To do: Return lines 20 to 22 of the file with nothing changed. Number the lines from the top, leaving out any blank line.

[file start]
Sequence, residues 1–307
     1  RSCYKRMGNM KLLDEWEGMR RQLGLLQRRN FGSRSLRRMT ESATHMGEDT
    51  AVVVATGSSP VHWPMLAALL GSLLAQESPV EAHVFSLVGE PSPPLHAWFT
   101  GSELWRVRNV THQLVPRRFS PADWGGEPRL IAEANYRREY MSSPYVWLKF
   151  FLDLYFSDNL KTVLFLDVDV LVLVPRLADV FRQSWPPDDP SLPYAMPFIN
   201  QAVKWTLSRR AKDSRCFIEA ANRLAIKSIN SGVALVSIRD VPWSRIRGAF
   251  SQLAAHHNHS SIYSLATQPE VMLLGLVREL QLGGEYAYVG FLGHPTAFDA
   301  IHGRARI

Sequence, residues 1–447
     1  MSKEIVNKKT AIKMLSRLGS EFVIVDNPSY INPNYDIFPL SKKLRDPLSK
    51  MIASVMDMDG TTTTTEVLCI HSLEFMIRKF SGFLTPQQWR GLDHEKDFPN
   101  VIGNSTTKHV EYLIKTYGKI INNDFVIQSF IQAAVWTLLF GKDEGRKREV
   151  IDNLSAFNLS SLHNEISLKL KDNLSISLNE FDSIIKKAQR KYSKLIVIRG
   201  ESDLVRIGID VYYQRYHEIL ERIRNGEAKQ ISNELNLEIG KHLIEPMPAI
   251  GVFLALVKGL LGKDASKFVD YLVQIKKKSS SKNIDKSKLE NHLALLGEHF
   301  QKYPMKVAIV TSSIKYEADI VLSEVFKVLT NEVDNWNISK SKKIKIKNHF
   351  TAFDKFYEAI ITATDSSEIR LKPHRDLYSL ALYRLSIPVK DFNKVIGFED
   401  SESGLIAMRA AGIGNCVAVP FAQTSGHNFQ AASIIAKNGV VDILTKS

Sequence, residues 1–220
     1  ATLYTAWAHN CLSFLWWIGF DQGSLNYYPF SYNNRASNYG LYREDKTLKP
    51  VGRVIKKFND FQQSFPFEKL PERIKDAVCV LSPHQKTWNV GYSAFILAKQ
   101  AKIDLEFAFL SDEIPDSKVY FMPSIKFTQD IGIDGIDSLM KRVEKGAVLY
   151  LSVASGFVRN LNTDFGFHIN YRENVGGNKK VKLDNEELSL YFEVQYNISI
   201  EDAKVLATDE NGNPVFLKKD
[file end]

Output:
     1  ATLYTAWAHN CLSFLWWIGF DQGSLNYYPF SYNNRASNYG LYREDKTLKP
    51  VGRVIKKFND FQQSFPFEKL PERIKDAVCV LSPHQKTWNV GYSAFILAKQ
   101  AKIDLEFAFL SDEIPDSKVY FMPSIKFTQD IGIDGIDSLM KRVEKGAVLY